US Sept CPI Rose by 0.2%; Gains Slowing

The September consumer price data were right on expectations, with 0.2% gain for both headline and core CPI.

The year/year rates for inflation remain significantly below their pre-COVID levels and will not trigger alarm among any remaining inflation hawks, even if further stimulus measures are passed.

Energy prices rose by 0.8% in September, but gasoline prices were up only 0.1%, the Bureau of Labor Statistics reported Tuesday. Electricity prices rose 0.9%, while natural gas prices surged by 4.2%. Unadjusted energy prices rose by 0.8%, with unadjusted gasoline prices up 0.8% compared with seasonal adjustment expectations for smaller increase.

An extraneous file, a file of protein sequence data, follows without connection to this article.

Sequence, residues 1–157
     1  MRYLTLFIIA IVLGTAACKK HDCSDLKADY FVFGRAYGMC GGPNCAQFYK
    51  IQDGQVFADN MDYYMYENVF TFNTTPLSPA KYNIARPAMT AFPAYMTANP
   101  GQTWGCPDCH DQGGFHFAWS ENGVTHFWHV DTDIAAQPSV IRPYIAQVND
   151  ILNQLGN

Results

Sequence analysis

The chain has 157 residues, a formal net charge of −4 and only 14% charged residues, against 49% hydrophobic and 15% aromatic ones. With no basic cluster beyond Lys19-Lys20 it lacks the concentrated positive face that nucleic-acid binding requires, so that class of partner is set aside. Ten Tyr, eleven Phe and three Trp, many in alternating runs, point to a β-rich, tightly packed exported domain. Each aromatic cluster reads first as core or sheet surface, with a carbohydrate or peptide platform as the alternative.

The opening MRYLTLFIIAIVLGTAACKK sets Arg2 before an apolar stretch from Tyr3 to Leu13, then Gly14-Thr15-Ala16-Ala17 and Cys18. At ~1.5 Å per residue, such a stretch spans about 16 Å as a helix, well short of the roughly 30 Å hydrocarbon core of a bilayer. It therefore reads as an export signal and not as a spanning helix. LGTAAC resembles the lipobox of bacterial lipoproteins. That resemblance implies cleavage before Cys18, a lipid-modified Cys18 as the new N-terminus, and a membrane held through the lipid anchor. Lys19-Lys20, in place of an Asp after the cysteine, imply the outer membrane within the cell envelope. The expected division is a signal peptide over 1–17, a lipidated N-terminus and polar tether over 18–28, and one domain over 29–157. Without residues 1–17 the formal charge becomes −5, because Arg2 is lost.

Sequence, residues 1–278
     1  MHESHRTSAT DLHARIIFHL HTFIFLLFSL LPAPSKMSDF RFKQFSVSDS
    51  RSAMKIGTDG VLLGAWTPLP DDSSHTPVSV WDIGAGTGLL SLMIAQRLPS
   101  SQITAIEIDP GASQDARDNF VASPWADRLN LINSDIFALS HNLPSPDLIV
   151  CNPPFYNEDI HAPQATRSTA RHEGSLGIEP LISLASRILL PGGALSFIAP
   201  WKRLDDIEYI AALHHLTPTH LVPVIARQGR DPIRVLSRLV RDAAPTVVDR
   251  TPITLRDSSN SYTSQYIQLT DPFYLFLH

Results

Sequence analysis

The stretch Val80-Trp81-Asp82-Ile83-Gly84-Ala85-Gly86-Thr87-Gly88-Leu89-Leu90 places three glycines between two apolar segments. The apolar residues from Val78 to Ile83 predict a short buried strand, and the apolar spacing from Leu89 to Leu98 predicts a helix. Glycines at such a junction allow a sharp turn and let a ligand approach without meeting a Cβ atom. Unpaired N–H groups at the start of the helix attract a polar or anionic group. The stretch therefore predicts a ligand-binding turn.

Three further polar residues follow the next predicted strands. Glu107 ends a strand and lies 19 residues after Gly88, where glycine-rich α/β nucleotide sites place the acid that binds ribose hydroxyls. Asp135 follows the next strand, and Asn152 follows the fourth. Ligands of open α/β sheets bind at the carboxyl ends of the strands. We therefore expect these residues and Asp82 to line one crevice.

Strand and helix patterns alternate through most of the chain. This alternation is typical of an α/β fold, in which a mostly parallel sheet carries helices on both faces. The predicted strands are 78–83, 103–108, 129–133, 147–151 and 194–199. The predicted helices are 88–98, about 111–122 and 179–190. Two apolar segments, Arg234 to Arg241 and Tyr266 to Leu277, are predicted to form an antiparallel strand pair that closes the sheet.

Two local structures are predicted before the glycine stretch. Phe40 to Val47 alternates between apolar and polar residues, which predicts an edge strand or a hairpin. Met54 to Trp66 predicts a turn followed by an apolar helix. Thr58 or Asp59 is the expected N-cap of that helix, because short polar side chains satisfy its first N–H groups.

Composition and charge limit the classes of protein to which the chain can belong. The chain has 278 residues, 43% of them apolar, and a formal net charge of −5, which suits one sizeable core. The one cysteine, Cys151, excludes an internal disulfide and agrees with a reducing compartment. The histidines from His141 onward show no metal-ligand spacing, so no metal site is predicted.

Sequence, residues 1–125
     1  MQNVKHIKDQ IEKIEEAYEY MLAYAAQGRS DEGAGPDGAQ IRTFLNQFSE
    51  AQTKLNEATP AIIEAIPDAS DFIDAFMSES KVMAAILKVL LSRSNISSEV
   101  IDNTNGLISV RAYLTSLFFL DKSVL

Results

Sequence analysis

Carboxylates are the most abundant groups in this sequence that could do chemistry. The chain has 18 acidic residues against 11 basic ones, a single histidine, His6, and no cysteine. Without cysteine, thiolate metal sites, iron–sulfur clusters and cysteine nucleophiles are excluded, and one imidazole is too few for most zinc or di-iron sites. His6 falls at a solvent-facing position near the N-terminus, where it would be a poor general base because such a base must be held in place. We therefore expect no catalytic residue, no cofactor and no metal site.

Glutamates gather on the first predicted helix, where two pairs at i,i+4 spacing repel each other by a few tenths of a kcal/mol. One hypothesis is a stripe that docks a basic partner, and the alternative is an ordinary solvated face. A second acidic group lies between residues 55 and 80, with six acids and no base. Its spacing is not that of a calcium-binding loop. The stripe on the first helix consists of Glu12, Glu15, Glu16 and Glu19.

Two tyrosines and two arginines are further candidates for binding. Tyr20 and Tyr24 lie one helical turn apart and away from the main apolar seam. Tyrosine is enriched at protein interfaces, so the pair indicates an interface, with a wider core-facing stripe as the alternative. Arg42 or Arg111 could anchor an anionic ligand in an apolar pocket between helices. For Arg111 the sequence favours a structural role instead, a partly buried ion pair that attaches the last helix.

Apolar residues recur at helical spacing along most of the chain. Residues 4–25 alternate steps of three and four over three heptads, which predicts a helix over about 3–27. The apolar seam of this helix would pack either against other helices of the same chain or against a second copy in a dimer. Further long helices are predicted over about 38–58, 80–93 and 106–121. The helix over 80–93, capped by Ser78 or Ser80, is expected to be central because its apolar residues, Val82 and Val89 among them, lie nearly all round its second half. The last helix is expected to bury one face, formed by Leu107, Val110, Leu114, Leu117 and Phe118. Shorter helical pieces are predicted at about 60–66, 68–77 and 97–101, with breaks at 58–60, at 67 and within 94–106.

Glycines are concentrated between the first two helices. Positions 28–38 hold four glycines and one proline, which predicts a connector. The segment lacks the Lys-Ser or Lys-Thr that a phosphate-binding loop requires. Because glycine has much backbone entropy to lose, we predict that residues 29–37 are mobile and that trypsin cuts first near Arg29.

Food prices were flat in the month, with food at home prices down 0.4% to continue the recent downward trend. In contrast, food prices away from home rose by 0.6%, continuing the long upward trend.

Within the core, the relatively large owners’ equivalent rent category rose by 0.1%, while lodging away from home prices fell by 0.4% and airline fares fell by 2.0%, reflecting decreased demand after the summer.

Apparel prices fell by 0.5% after a 0.6% increase in the previous month. Prices of new vehicles were up 0.3%, while used vehicle prices surged by 6.7% after a 5.4% increase in August and a 2.3% gain in July, suggesting consumers are shifting toward cheaper vehicles.

Overall CPI prices were up 1.4% from their year-ago level, stronger than the 1.3% rate in August but still below the pre-COVID rate of 1.5% in March. Prices excluding food and energy were up 1.7% year/year, the same as in August. The year/year rate was 2.1% in March before the shutdowns.

Kevin Kastner

Julie Ros
Written by

Julie Ros

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